Relievers Capps, Pryor honing secondary pitches
This spring has seen a lot of hitters freeze on improved secondary pitches from Carter Capps and fellow Mariners right-handed relief pitcher Stephen Pryor.
Seattle Times staff reporter
PEORIA, Ariz. — A funny thing happened to the opposing hitter who stepped in for the final at-bat of the game against Carter Capps the other night.
Capps is the young Mariners flamethrower everybody knows can bring fastball heat up near 100 mph. So, when Capps sent a first-pitch, knee-buckling, 82 mph curveball to San Diego Padres hitter Rene Rivera, all the onetime Mariners catcher could do was stare at a called strike.
This spring has seen a lot of hitters freeze up on improved secondary pitches from Capps and fellow Mariners right-handed relief pitcher Stephen Pryor. They appear poised to open the season in the team's bullpen and have worked all spring on honing secondary offerings to offset the fastballs their opponents attempt to lock in on.
"Guys are hunting my fastball so hard, especially on fastball counts," Capps said. "It's not even a thought in their mind, so it definitely helps. It speeds up (the look of) my fastball a little bit, so that helps it out, too."
Opponents posted an on-base-plus-slugging percentage of .849 against Pryor in 26 debut games with the Mariners last season. Capps fared better, but opponents still hit .260 and appeared to be figuring him out as his 18-game debut wore on.
But this spring, hitters appear increasingly confused about what pitch they're about to see next.
In the Rivera at-bat, Capps followed up the first-pitch curve with a fastball clocked at 94 mph that Rivera swung at and missed. The next pitch was an 83 mph curve that Rivera took an off-balance swing at for the game-ending strikeout.
Capps has also been honing his slider into what he calls a "slider/cutter" because it has elements of a cut fastball to it. He'll throw it even when he's behind in a count and "steal a strike" from both right-handed and left-handed batters.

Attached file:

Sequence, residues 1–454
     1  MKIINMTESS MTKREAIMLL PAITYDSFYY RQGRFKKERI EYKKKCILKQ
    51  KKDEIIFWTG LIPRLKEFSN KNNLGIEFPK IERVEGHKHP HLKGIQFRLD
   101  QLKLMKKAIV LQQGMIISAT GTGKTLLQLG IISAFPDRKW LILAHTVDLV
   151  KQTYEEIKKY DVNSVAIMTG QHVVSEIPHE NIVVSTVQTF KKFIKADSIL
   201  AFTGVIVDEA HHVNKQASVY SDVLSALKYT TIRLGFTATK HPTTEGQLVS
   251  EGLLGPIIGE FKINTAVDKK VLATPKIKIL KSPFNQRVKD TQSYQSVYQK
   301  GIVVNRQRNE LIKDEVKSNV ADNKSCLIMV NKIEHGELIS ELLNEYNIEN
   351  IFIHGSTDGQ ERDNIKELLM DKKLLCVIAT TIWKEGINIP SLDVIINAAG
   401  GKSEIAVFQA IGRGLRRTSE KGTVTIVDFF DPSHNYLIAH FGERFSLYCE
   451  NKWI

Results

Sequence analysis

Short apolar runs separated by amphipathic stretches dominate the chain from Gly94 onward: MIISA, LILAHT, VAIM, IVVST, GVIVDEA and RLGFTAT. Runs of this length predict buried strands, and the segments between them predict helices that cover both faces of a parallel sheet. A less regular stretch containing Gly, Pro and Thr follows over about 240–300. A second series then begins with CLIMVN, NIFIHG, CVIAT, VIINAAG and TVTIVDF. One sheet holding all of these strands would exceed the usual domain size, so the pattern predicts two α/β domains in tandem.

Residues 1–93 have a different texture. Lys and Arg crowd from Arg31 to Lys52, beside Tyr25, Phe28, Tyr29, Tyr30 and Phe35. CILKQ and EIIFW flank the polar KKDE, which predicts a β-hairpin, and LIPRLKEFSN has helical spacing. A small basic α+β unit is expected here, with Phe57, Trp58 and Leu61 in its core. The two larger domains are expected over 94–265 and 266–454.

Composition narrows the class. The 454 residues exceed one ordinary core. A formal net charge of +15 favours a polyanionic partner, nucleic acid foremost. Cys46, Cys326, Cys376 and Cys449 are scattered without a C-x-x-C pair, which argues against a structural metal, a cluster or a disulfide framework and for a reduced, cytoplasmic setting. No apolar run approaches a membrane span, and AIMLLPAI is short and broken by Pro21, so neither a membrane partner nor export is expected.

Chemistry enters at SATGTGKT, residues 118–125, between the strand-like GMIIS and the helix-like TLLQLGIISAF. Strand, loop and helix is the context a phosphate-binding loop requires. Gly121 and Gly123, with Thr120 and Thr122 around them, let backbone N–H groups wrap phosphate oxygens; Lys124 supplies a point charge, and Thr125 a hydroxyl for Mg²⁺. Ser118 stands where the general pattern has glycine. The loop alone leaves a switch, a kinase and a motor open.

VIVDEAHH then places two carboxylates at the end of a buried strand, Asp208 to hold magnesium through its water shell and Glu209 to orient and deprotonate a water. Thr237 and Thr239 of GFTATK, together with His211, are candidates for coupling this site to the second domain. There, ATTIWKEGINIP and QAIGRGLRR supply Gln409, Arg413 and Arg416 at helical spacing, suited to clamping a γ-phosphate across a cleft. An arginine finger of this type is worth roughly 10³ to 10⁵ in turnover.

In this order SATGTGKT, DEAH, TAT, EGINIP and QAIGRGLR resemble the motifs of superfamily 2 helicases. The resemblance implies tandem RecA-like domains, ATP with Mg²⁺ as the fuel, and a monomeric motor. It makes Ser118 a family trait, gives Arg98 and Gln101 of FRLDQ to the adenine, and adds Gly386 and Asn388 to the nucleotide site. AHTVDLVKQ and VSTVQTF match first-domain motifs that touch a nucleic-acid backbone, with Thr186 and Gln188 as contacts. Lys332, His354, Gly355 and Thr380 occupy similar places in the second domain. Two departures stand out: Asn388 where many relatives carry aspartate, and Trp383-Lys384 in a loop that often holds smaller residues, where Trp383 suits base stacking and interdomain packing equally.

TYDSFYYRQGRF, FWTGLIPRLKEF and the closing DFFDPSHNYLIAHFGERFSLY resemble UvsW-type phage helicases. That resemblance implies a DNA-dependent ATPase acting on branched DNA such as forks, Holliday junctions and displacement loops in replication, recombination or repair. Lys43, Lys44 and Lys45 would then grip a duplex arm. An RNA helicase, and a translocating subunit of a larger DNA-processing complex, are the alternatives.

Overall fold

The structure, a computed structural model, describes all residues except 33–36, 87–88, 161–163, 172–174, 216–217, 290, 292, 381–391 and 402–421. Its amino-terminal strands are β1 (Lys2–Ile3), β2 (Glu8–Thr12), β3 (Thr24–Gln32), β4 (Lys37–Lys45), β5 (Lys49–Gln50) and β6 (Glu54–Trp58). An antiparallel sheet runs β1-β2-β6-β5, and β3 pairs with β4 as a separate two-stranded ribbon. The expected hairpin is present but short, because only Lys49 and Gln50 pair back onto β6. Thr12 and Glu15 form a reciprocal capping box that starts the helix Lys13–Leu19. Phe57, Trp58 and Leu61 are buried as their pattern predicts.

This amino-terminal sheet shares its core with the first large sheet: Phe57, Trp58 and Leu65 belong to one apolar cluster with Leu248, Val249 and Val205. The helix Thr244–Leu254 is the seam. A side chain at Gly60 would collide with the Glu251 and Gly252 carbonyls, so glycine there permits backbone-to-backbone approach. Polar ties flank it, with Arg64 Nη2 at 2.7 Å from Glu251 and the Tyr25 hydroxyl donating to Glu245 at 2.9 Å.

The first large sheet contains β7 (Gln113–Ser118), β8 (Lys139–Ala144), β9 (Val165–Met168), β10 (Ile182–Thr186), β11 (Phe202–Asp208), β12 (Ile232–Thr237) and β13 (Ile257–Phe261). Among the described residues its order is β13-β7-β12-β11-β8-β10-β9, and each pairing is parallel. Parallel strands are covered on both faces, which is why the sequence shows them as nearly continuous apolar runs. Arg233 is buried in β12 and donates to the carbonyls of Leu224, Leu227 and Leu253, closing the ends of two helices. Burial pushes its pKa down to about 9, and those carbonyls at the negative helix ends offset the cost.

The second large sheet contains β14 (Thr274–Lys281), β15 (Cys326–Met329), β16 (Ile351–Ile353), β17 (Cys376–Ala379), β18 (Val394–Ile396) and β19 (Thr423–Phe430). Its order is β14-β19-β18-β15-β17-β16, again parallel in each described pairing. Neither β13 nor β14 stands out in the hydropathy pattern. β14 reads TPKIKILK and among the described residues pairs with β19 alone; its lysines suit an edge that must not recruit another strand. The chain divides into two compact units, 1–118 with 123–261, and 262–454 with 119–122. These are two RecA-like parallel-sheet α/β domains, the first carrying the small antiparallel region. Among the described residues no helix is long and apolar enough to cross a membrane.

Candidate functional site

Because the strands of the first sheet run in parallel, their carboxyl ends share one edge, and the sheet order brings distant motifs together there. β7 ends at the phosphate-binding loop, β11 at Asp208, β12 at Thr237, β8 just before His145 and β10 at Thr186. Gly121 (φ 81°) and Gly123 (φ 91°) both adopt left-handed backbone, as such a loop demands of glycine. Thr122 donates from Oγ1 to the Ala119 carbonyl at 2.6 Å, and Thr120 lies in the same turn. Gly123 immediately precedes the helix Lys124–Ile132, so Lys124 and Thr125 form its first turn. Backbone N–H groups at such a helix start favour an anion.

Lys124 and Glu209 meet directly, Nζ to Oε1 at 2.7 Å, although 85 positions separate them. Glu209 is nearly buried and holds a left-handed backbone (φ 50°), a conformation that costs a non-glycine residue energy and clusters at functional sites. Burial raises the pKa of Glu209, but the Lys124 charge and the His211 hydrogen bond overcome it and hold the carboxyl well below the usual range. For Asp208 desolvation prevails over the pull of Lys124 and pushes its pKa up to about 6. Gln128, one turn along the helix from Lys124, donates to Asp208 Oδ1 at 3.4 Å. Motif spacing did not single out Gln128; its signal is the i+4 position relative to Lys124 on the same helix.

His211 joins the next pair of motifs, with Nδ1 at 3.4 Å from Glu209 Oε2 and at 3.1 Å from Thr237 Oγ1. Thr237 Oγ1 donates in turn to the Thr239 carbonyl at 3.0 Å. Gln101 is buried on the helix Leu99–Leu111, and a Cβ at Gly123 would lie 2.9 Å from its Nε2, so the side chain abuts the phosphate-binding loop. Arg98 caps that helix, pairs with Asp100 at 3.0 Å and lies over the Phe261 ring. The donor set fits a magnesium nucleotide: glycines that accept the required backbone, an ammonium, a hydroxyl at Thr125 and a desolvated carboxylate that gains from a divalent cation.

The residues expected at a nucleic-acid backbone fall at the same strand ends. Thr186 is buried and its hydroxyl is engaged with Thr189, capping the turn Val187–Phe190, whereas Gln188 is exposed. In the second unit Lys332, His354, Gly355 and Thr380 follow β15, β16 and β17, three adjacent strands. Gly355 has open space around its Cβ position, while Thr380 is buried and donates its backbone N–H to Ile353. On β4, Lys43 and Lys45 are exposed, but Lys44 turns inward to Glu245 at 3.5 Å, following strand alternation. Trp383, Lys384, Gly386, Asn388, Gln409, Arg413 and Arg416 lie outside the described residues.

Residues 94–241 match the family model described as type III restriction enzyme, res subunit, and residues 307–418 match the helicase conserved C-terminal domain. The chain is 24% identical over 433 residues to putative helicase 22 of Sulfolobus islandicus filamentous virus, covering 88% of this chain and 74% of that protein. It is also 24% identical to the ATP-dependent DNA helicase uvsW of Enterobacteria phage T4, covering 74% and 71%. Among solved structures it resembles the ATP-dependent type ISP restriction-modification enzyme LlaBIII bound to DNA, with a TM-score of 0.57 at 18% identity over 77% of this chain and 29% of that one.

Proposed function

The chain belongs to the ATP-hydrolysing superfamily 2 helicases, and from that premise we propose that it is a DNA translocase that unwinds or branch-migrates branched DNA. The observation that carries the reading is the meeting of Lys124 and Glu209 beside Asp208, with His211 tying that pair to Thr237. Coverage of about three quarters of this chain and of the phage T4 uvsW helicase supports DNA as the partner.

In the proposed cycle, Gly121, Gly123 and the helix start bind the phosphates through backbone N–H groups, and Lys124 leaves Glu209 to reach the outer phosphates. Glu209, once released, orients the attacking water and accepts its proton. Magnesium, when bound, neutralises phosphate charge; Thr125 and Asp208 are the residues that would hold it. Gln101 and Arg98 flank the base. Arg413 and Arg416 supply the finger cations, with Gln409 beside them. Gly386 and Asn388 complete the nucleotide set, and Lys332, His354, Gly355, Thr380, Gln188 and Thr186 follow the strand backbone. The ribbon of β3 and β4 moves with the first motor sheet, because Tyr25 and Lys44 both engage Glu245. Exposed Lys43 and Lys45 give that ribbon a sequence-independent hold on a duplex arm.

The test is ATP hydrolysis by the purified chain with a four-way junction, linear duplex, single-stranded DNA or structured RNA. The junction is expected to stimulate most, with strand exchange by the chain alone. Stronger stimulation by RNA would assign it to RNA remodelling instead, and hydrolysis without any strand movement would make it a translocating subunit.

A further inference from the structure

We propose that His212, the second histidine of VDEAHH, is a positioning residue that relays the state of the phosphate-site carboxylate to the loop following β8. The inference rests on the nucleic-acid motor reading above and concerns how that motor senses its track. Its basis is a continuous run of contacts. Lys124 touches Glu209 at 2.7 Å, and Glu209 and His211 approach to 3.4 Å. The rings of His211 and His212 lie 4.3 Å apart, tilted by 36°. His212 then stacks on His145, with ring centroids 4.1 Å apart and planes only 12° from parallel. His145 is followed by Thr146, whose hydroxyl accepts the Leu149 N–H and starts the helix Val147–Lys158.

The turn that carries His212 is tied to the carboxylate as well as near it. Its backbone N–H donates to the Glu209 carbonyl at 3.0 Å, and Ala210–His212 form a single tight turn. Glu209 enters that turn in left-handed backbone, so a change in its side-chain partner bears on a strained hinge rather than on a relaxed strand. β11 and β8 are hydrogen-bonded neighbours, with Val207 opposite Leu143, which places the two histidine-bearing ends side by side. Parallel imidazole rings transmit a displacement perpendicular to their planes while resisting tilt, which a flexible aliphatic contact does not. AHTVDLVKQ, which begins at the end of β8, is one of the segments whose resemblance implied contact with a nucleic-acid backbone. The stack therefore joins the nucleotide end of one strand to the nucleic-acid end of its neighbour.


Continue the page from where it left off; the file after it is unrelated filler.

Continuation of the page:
"I've been falling in love with it," he said.
Capps has struck out five of the six batters he's faced his past two Cactus League outings, including all three Padres seen the other night.
Throw in a minor-league outing and he's fanned seven of his past 10 hitters.
Pryor has enjoyed similar success, striking out six of 10 batters his past three Cactus League outings and allowing just one hit over that span. He's spent the spring honing his curveball and changeup to give him something softer to go with his fastball-slider combo.
"I was in situations last year where I was going five or six pitches to a guy and he was fouling them off a lot because he was seeing hard, hard, hard," Pryor said. "So, I figured if I had something soft, I could set him up with either my fastball or my slider and it would help my pitching quite a bit."
Facing the San Francisco Giants the other night, Pryor started left-handed hitter Ricky Oropesa off with a 73 mph curveball for a called strike. In that same at-bat, Pryor had his fastball up at 98 mph.
"I'm getting more consistent movement with it, I guess," Pryor said of the curve. "I'm not throwing it 100 feet in the air anymore, so it's good. I've been working on it. Now, I'm just trying to get to where I'm comfortable with it in a game situation."
Mariners manager Eric Wedge said he loved the confidence with which Capps and Pryor are throwing their breaking pitches as camp winds down. Wedge feels more confident using both in late-game situations now than he did last year.
"Very confident," Wedge said. "With Carter (Capps) or Pryor, or obviously the lefties who gained a lot of exposure late in games last year. It's nice to have multiple options late in the game, and you need that if you're going to stay fresh over 162 (games)."
Geoff Baker: 206-464-8286 or firstname.lastname@example.org